18:10 GMT +323 January 2020
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    North Korea on Friday threatened to turn South Korea into a "sea of fire" unless activists there stop launching balloons carrying anti-Pyongyang leaflets across the heavily fortified border into the North.

    "The puppet forces should not forget even a moment that the whole of South Korea might turn into a sea of fire due to the foolhardy leaflet-scattering operations," the North warned in a statement released through its official Korean Central News Agency (KCNA).

    The pamphlets criticized and mocked the North's ruling Kim dynasty and highlighted South Korea's economic prosperity in hopes of inspiring North Korean people to resist the leadership in Pyongyang.

    Such leaflet launches are "an open declaration of a war" against North Korea, the North said in the same statement. Last year, North Korea opened fire on balloons activist launched from border towns.

    One South Korean activist told the Associated Press that he launched balloons carrying thousands of DVDs of "The Interview," a movie depicting a plot to assassinate North Korean leader Kim Jong Un.

    The South Korean government recently urged activists to refrain from flying propaganda balloons into North Korea, saying such activities could worsen relations between the countries and put villagers in South Korean border towns at risk, the AP reported.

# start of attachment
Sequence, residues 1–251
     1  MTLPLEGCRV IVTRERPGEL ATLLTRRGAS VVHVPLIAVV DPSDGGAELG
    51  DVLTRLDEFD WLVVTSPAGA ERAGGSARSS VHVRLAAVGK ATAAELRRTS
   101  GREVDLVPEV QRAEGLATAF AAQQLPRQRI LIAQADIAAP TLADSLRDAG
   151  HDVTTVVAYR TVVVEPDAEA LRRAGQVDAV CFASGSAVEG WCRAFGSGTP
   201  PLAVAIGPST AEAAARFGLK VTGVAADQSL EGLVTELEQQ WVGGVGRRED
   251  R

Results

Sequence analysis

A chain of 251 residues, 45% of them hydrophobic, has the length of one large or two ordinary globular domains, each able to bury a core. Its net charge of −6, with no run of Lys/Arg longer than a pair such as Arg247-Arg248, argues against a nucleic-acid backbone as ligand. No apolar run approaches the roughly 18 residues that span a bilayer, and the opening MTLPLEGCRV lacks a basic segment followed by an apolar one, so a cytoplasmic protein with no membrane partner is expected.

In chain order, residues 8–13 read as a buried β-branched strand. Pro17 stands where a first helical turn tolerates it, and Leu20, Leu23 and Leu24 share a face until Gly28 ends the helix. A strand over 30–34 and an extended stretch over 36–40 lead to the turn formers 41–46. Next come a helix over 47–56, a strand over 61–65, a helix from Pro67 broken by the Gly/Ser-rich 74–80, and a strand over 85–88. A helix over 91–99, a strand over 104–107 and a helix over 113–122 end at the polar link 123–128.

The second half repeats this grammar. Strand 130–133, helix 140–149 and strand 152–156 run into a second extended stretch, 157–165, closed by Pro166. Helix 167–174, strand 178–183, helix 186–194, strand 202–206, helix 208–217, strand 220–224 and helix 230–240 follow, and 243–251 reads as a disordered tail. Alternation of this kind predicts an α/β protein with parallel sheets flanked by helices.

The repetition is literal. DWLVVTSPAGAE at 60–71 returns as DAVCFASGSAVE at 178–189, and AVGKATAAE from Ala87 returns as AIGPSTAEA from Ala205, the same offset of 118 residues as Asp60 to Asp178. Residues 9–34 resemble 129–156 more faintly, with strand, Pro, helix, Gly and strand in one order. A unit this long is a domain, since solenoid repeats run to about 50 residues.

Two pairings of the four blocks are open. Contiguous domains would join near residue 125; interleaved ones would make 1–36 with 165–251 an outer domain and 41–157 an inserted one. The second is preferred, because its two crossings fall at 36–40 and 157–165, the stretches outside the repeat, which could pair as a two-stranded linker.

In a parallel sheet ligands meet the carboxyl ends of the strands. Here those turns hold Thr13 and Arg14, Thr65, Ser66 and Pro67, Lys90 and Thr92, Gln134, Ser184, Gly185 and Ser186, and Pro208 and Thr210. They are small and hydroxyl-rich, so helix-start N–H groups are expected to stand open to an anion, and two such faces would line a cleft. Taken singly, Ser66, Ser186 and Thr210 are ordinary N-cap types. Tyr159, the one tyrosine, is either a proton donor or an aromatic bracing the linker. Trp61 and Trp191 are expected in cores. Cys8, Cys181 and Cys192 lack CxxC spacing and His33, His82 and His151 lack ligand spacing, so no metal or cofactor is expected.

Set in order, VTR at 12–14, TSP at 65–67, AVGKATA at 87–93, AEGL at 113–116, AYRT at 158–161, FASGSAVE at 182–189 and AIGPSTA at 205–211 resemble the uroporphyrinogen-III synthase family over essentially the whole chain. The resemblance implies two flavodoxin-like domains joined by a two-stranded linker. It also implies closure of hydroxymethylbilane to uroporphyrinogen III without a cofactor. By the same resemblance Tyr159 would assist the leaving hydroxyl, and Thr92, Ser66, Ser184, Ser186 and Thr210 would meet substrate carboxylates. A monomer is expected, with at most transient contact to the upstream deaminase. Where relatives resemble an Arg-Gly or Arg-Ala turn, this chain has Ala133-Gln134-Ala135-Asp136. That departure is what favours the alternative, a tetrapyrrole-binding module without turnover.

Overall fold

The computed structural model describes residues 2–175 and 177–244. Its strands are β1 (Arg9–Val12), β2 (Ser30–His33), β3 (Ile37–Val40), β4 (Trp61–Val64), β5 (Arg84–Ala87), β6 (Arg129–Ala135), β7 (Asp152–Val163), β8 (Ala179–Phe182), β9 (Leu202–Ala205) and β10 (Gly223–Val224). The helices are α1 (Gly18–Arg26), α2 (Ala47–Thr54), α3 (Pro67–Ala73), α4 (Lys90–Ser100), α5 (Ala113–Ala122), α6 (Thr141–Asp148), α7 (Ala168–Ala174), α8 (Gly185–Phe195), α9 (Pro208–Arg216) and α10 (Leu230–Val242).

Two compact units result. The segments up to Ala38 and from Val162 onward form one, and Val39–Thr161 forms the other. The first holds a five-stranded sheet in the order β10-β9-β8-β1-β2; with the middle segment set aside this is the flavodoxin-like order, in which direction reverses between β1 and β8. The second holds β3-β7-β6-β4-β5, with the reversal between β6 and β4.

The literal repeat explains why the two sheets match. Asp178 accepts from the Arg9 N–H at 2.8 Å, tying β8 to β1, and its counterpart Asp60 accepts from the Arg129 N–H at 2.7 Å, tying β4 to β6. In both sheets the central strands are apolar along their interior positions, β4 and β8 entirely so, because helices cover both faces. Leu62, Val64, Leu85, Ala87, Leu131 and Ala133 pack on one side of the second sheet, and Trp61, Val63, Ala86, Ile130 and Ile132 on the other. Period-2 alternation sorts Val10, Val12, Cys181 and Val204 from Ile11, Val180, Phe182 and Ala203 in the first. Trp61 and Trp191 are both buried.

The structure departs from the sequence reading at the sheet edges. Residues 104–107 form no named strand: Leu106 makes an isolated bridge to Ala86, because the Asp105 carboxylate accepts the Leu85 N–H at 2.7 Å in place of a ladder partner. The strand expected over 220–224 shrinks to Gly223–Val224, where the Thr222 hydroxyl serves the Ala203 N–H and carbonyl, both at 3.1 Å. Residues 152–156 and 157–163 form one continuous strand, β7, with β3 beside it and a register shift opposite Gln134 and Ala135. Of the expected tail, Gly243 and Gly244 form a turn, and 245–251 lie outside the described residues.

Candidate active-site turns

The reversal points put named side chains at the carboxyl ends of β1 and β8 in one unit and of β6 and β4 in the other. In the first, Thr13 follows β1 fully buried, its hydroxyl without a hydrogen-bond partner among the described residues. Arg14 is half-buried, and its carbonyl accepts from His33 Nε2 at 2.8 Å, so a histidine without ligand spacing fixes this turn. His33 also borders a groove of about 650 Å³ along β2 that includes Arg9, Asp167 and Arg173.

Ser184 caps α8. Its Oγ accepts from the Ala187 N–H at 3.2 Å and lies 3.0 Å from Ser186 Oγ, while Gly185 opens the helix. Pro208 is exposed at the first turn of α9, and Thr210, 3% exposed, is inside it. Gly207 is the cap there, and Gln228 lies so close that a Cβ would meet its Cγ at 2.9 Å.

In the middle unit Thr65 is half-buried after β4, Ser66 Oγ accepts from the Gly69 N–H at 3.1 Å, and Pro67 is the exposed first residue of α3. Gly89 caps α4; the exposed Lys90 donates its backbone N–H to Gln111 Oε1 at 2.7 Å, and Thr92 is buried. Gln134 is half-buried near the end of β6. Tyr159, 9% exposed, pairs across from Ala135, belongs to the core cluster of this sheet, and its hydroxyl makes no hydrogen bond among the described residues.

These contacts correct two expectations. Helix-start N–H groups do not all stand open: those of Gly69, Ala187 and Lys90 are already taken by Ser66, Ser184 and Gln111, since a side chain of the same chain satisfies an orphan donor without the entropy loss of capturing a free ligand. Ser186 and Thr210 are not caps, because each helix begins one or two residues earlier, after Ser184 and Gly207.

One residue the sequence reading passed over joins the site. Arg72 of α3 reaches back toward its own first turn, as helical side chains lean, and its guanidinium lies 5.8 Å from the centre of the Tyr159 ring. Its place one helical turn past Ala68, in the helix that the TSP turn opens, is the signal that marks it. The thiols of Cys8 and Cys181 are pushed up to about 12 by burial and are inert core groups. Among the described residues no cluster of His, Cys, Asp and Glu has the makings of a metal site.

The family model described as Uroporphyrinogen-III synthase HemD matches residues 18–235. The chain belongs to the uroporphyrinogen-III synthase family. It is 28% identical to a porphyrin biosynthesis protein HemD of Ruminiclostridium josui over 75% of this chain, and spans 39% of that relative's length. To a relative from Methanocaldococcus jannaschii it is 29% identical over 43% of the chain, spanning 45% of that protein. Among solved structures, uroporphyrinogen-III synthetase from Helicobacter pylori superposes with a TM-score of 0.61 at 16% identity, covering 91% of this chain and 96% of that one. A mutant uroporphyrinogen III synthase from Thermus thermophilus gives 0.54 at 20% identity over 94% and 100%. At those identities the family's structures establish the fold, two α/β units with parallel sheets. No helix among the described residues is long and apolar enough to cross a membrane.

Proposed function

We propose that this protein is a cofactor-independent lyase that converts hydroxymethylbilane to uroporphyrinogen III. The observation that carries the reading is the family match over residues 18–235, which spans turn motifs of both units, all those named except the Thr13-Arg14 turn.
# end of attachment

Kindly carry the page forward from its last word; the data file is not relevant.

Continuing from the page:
The pamphlets also blamed Pyongyang for a mine attack that maimed two members of a South Korean army border patrol earlier this month.

    Members of the Korean Disabled Veterans Association by Agent Orange in Vietnam War, shout slogans with a banner showing defaced images of North Korean leader Kim Jong Un, right, late his father Kim Jong Il, center, and Kim Il Sung, the late founder of North Korea, during a rally denouncing North Korea.
    © AP Photo / Lee Jin-man
    Members of the Korean Disabled Veterans Association by Agent Orange in Vietnam War, shout slogans with a banner showing defaced images of North Korean leader Kim Jong Un, right, late his father Kim Jong Il, center, and Kim Il Sung, the late founder of North Korea, during a rally denouncing North Korea.

    South Korea vowed the North would pay a "harsh price" for the attack and this week resumed – after a decade-long break – using loudspeakers along the border to broadcast propaganda messages into the North, Reuters reported.

    The North denied it was behind the mine blasts, saying South Korean accusations that its soldiers had snuck across the border and planted the mines along a known patrol route were "absurd."

    "If our army really needed to achieve a military purpose, we would have used strong firearms, not three mines," the commission said in a statement carried by KCNA.

    Tags:
    South Korea, Kim Jong-un, Democratic Republic of North Korea (DPRK), propaganda, The Interview
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